Bigsley the Oaf

The Rules of the Place

Posted in Uncategorized by bigsleytheoaf on August 12, 2012

I woke up this morning to a new poem in my inbox which reminded me that I am a well of infinite emptiness and well then I went to the cafe and got a croissant and a green tea and then I finished The Rum Diary in the park and sobbed.

I took a picture of the word FURY written in a box. I’m drinking Templeton Rye and the cat is snoring in a ball next to me. My keys are lying next to me, also.


The dogs won’t even look at you, here. Their eyes are fixed straight, they know what not to look at. The people shouldn’t look at you either and, if you want to exchange glances, well forget about it.

This city has placed walls everywhere, between the dreams of ours. We, our dreams, are smushed against each other messily – not woven into any sort of coherent harmonic pattern.

How rules operate, in this sort of context:

The accumulation of frictions between dreams, the noticing of the accumulation, the bubbling up into the Zeitgeist of these noticings, the accumulation of the noticings, the noticing of the accumulation -> the writing of editorials, the discussion of editorials in workplaces, the accumulation of these discussions and so on until the knowledge of small disturbances becomes a common-knowledge-froth. A city of sensitive young fools who are too afraid to step on toes becomes aware that there are literally toes everywhere which must be avoided at all costs. This whole internet thing being a great big tool for broadcasting the location of toes.

People used to drive drunk. People used to have sex without condoms. People used to laugh out loud in the streets. People used to shout at each other. People used to have sex in public. People used to smoke in bars. People used to rape. People used to murder.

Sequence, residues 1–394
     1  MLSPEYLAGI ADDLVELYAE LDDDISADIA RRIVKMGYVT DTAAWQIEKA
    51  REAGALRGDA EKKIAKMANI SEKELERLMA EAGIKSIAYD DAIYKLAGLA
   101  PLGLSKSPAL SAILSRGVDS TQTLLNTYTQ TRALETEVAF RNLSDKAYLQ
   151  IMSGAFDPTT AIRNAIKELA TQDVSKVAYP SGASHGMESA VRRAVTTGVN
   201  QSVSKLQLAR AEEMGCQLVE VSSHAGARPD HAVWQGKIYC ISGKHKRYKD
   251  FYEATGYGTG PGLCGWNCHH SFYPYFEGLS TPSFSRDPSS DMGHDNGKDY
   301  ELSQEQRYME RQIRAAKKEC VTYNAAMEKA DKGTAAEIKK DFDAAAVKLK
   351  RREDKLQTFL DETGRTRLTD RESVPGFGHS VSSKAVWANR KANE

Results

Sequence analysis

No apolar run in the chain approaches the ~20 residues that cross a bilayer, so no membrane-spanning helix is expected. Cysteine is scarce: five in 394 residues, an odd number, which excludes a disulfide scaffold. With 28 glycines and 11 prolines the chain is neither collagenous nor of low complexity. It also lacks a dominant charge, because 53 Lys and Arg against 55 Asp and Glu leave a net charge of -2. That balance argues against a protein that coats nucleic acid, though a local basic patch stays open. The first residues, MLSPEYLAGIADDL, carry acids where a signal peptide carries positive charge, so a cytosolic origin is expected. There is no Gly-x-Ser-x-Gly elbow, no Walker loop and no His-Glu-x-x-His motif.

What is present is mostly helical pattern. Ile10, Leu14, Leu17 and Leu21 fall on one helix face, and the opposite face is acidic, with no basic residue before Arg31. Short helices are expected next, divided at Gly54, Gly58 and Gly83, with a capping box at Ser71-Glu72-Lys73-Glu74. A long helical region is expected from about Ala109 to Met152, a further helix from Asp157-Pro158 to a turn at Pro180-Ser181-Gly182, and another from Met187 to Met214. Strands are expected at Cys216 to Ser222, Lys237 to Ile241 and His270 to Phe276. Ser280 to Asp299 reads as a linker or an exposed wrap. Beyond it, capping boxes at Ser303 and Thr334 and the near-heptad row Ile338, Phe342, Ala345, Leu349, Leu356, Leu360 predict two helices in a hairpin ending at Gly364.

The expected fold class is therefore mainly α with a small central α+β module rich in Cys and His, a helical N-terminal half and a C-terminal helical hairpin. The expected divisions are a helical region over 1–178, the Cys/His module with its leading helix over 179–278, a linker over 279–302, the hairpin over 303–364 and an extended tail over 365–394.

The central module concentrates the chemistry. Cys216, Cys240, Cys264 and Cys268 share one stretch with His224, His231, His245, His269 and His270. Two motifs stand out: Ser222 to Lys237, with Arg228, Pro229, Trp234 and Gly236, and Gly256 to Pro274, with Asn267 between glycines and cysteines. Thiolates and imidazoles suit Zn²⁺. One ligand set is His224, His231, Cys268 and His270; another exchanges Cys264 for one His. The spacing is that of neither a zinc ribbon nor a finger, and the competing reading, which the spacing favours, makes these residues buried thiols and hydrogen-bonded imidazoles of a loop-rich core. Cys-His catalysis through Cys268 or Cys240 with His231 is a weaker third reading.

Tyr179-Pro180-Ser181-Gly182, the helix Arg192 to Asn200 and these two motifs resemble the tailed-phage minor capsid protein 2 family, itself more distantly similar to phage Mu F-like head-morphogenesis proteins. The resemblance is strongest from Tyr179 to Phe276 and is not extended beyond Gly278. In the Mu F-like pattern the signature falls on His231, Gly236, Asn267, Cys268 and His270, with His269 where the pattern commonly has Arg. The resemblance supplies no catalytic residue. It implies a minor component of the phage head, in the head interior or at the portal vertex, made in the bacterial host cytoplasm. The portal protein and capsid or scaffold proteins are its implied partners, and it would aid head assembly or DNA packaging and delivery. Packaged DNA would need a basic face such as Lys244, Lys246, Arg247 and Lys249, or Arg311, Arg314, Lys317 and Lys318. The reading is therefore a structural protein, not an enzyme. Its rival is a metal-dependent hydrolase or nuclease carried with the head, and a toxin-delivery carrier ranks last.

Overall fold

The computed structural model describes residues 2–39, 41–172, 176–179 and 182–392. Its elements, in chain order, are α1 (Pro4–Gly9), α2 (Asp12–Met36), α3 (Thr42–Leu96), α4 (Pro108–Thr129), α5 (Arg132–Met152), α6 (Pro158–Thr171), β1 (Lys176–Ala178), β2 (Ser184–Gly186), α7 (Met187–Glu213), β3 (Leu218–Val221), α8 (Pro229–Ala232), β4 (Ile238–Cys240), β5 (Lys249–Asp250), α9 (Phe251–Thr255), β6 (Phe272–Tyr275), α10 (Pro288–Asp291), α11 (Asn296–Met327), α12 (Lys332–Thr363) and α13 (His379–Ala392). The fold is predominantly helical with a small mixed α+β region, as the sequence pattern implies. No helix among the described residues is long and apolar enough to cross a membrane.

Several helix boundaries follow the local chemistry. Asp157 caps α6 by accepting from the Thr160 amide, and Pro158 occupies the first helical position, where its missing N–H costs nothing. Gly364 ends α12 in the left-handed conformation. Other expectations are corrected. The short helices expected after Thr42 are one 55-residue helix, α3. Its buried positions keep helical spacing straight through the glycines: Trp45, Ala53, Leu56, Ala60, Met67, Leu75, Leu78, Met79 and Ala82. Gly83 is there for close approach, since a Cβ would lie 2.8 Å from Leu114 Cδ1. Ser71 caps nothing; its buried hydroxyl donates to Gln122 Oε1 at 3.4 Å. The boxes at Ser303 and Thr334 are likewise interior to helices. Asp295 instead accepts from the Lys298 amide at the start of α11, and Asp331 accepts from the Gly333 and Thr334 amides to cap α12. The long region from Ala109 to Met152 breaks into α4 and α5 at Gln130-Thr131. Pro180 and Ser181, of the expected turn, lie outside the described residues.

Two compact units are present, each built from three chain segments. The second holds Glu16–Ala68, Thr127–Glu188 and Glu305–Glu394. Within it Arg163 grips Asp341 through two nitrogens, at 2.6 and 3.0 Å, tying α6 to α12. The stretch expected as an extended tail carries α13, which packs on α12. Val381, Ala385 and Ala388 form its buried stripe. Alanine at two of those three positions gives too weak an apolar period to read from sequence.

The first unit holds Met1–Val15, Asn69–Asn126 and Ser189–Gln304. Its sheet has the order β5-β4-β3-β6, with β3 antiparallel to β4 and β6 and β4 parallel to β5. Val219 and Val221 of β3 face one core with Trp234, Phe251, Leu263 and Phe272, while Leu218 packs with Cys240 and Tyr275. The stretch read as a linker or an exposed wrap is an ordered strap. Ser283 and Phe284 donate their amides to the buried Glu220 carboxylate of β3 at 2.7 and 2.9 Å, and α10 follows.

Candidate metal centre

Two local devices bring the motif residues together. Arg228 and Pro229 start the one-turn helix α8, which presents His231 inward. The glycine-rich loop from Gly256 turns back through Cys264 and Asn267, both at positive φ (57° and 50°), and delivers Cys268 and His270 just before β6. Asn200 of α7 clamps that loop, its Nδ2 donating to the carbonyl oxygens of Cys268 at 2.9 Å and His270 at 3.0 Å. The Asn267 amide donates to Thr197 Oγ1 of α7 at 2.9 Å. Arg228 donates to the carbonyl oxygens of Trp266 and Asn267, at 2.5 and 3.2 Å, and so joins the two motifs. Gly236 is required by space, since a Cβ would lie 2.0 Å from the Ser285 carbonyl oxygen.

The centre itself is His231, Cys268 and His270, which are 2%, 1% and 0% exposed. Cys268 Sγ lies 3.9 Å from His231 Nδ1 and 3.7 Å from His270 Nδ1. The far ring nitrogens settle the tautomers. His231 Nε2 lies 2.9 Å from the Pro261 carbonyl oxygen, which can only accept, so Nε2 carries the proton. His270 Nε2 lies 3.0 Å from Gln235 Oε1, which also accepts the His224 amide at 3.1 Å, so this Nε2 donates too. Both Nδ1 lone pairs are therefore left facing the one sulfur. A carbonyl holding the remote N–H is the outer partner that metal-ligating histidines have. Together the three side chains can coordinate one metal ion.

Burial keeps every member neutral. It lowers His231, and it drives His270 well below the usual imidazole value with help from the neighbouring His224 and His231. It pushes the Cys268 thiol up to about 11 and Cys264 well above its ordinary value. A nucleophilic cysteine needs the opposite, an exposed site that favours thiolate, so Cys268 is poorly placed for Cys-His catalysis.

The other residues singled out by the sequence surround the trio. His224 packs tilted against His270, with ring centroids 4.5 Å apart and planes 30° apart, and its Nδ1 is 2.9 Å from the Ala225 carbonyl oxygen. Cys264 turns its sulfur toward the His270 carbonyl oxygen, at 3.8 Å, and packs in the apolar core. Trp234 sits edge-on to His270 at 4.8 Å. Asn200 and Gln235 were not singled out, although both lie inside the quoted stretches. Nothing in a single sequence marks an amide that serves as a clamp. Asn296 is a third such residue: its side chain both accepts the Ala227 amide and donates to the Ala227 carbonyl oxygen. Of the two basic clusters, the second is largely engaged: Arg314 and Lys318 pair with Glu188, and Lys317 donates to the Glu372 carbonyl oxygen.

In the park I saw two women with strollers and the two men tending the two children. The men were acting like boys, so carefree. It’s not that I hated them, exactly – it’s that I couldn’t even begin to empathize. Do you need to be a child to have a child? I no longer feel like a child, at all. I’m desperate for return. I felt the many walls between me and them.

I do feel like a Man. I identify as a Man. I worry about becoming homeless – that’s a Man thing to think. I’m no longer swaddled in children’s clothing, I no longer live in a comfortable womb. There is a real possibility of death, for me – of falling off the edge of the world – of complete and total alienation.

I don’t know anyone who identifies as a Man in this way. Maybe Graham. I don’t know what men think about being a man. I’ve read so much about what women are, who they are, what they feel like. Who are men?

Men have so many rules. Don’t kill. Don’t steal. Don’t rape. These are rules for women, but they don’t seem to constrain them as much. I’ve felt urges to kill, steal, and rape. I’ve been constrained by the rules.

Men need rules and war, yeah? That’s what everyone seems to believe, anyway.


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